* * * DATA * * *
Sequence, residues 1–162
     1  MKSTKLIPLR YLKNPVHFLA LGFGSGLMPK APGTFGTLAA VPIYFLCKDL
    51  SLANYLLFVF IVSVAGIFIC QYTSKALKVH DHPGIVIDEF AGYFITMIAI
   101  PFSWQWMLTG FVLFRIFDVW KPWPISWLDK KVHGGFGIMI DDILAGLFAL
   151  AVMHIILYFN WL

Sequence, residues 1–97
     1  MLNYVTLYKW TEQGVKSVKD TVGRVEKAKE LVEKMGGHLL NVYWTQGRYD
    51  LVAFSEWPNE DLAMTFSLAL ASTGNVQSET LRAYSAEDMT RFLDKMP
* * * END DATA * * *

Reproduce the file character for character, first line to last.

Sequence, residues 1–162
     1  MKSTKLIPLR YLKNPVHFLA LGFGSGLMPK APGTFGTLAA VPIYFLCKDL
    51  SLANYLLFVF IVSVAGIFIC QYTSKALKVH DHPGIVIDEF AGYFITMIAI
   101  PFSWQWMLTG FVLFRIFDVW KPWPISWLDK KVHGGFGIMI DDILAGLFAL
   151  AVMHIILYFN WL

Sequence, residues 1–97
     1  MLNYVTLYKW TEQGVKSVKD TVGRVEKAKE LVEKMGGHLL NVYWTQGRYD
    51  LVAFSEWPNE DLAMTFSLAL ASTGNVQSET LRAYSAEDMT RFLDKMP